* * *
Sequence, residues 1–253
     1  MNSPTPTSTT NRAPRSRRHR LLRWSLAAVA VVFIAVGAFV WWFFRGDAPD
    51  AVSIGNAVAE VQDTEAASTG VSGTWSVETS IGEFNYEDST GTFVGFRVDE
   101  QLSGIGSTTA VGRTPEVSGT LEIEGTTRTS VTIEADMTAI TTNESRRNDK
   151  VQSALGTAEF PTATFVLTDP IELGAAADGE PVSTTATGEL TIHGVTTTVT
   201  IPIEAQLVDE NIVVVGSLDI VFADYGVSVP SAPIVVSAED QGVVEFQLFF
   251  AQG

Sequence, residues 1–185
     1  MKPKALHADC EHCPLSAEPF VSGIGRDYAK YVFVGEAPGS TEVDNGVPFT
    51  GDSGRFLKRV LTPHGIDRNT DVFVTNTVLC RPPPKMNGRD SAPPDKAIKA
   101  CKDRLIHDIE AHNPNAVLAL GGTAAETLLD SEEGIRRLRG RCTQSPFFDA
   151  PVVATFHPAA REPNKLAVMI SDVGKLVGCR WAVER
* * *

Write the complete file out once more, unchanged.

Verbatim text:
Sequence, residues 1–253
     1  MNSPTPTSTT NRAPRSRRHR LLRWSLAAVA VVFIAVGAFV WWFFRGDAPD
    51  AVSIGNAVAE VQDTEAASTG VSGTWSVETS IGEFNYEDST GTFVGFRVDE
   101  QLSGIGSTTA VGRTPEVSGT LEIEGTTRTS VTIEADMTAI TTNESRRNDK
   151  VQSALGTAEF PTATFVLTDP IELGAAADGE PVSTTATGEL TIHGVTTTVT
   201  IPIEAQLVDE NIVVVGSLDI VFADYGVSVP SAPIVVSAED QGVVEFQLFF
   251  AQG

Sequence, residues 1–185
     1  MKPKALHADC EHCPLSAEPF VSGIGRDYAK YVFVGEAPGS TEVDNGVPFT
    51  GDSGRFLKRV LTPHGIDRNT DVFVTNTVLC RPPPKMNGRD SAPPDKAIKA
   101  CKDRLIHDIE AHNPNAVLAL GGTAAETLLD SEEGIRRLRG RCTQSPFFDA
   151  PVVATFHPAA REPNKLAVMI SDVGKLVGCR WAVER